Not all mummies were human. There’s an Egyptian mummified cat in the National Museum of Ireland and others include jackals, baboons, horses, and lions.

 

In Victorian times, hosts would buy a mummy and throw a party at which the unwrapping of the body served as the entertainment for the evening. The mind boggles.

Bitumen was used in the mummification process, so the Persians weren’t too far off in their naming of mummies. Bitumen, if you didn’t know (I had to look this one up) is a natural oily form of petroleum also known as tar (the more common term for it here in Ireland). Bitumen occurs naturally in several places around the world including the La Brea Tar Pits in California and the Dead Sea. It was used by humans as early as 40,000 years ago for waterproofing and glue.

As well as being ground up for medicines and unwrapped at parties, mummies were also used as the main component in the paint called mummy brown. Thankfully the manufacturer stopped this in the 1960s, because they had run out of available mummies.

Until next time happy reading, writing, and wordfooling,

Grace (@Wordfoolery)

Pandiculation

Hello,

Appropriately enough I’m writing my blog post this morning having risen early to get some words down before the rest of the house awakens. This week’s word, with thanks to the wonderful television medical series “House” (featuring Hugh Laurie as a brilliant and sarcastic but sociopathic diagnostician in the footsteps of Sherlock Holmes). They used pandiculation in an episode and sent me scurrying for my dictionary.

Pandiculation (audio pronunciation available here) is a “stretching and stiffening of the trunk and extremities when drowsy or after waking from sleep”. Basically if you yawn and stretch when you wake up, you’re pandiculating.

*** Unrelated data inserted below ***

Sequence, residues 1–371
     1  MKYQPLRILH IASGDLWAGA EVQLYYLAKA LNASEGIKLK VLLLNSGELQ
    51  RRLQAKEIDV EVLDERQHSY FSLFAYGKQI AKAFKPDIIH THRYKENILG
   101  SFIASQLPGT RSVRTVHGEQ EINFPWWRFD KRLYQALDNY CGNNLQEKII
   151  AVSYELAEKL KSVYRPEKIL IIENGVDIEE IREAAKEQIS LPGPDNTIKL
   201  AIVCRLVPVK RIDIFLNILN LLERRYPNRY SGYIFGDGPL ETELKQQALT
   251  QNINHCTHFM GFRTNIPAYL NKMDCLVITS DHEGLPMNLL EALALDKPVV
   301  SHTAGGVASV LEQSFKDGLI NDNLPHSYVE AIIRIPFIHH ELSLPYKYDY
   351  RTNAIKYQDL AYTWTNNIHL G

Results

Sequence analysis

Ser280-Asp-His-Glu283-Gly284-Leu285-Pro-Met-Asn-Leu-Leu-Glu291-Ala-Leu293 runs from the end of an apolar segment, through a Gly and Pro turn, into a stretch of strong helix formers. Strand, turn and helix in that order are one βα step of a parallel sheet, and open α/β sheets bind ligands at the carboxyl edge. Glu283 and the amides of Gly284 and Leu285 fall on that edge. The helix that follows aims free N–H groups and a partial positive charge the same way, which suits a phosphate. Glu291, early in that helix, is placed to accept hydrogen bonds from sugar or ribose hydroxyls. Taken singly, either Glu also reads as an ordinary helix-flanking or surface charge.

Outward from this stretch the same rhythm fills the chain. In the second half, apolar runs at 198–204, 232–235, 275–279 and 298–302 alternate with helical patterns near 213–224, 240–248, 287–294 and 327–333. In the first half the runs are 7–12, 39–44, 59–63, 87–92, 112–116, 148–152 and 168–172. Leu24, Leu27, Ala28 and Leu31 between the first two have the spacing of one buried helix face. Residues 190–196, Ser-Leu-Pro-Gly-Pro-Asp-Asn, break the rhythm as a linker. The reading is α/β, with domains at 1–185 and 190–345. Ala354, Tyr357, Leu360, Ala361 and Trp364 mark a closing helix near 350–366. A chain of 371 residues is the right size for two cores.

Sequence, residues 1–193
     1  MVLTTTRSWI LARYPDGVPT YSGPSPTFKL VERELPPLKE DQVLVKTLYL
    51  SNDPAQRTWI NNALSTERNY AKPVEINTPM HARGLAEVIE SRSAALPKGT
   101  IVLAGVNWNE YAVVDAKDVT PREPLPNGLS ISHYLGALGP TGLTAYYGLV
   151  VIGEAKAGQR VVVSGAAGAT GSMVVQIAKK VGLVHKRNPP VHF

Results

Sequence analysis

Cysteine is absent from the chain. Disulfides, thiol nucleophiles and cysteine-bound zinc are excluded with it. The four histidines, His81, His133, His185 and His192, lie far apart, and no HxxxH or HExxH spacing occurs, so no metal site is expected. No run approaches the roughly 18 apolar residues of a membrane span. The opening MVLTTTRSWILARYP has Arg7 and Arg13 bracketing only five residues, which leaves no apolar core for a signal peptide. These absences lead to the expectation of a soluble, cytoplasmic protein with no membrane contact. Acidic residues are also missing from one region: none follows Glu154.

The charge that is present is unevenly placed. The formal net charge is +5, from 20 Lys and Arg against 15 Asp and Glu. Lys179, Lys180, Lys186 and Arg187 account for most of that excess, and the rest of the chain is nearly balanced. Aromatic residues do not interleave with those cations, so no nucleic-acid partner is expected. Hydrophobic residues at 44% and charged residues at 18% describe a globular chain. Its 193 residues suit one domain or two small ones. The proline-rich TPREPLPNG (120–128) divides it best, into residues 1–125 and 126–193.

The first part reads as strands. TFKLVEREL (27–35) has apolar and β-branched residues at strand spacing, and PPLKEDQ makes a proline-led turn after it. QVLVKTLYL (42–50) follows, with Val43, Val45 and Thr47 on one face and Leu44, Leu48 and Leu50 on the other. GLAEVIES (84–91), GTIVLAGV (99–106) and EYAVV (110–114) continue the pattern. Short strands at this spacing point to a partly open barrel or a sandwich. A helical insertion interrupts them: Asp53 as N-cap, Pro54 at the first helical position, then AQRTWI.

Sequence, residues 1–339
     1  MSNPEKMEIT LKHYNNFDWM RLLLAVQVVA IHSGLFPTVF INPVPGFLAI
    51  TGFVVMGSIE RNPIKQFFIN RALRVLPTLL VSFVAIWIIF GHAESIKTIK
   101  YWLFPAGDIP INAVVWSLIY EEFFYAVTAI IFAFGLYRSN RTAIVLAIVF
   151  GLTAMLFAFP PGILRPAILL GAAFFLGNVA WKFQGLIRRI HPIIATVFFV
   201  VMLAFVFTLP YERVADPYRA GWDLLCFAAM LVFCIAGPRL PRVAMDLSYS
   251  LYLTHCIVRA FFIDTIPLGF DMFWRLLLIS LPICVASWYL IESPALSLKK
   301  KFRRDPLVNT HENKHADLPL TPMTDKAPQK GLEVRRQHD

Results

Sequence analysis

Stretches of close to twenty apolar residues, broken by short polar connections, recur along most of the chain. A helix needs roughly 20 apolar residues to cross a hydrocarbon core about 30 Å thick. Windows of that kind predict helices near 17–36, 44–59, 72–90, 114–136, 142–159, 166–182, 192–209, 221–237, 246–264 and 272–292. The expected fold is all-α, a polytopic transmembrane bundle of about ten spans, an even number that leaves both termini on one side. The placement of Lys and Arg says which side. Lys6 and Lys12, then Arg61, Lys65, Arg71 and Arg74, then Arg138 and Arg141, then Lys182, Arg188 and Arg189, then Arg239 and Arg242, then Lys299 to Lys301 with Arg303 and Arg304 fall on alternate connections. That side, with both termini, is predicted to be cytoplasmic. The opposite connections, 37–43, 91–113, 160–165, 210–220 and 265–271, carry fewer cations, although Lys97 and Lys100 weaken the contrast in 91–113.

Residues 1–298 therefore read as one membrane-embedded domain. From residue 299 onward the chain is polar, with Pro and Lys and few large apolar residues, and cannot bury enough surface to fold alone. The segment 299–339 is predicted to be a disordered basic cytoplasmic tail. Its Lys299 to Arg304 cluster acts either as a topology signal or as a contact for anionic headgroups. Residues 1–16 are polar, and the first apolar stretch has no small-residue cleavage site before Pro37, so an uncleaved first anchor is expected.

Yawn like a roman (sculpture at Ostia Antica, the old Roman harbour)

Pandiculation entered English in the 1600s from simple Latin roots. Pandiculari is the Latin for “to stretch oneself” thanks to pandere (to stretch or to spread). This is one the Romans gave us, as illustrated above.

Until next time happy reading, writing, wordfooling, and stretching,

Grace (@Wordfoolery)

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Wordfoolery is now open to Guest Posts

Hello,

This year the Wordfoolery blog is ten years old and I’ve been celebrating by quietly making a few changes around here. I’ve spruced up the theme, tidied some pages, and refreshed the banner. I’ve expanded the reach of the blog via pinterest, mix, and bloglovin’ too. I’m also working hard on my second and third books inspired by the blog (“Words The Sea Gave Us” and “Words The Vikings Gave Us”).

Now I’m happy to announce that Wordfoolery is open to guest posts!

The full submission details / writer guidelines are here.

If you’ve a favourite word (or words), a passion for word history, a review of a wordy book (or dictionary?), a rant about US vs UK spelling conventions etc. then send me your suggestion and we’ll see if it fits on Wordfoolery. Unfortunately guest posts are unpaid (like my own!) but I’m happy to promote the post and allow links to your writing, website, books, or blog. Please note that guest posts should be between 300 and 1,000 words in length.

Until next time happy reading, writing, and wordfooling,

Grace (@Wordfoolery)

Ransack

Hello,

It’s day 22 of CampNaNo 2019 and I’m on 18,012 words. Writing during the academic holidays can be challenging in my house, but I’m plugging away at “Words The Vikings Gave Us” and every day the Vikings surprise me more. This week’s word from my Norse exploration is ransack, I hope you enjoy it.

Viking Chessman from the Isle of Lewis

Extract from “Words the Vikings Gave Us” by Grace Tierney, copyright 2019

Ransack

Ransack entered English during the 1200s from Old Norse rannsaka (to pillage). The word in Norse had a precise meaning – to search a house, legally, to uncover stolen goods, whereas in English it has illegal associations. Rannsaka was formed by compounding two words rann (house) and saka (to search). Saka is related to the Old Norse verb soekja (to seek).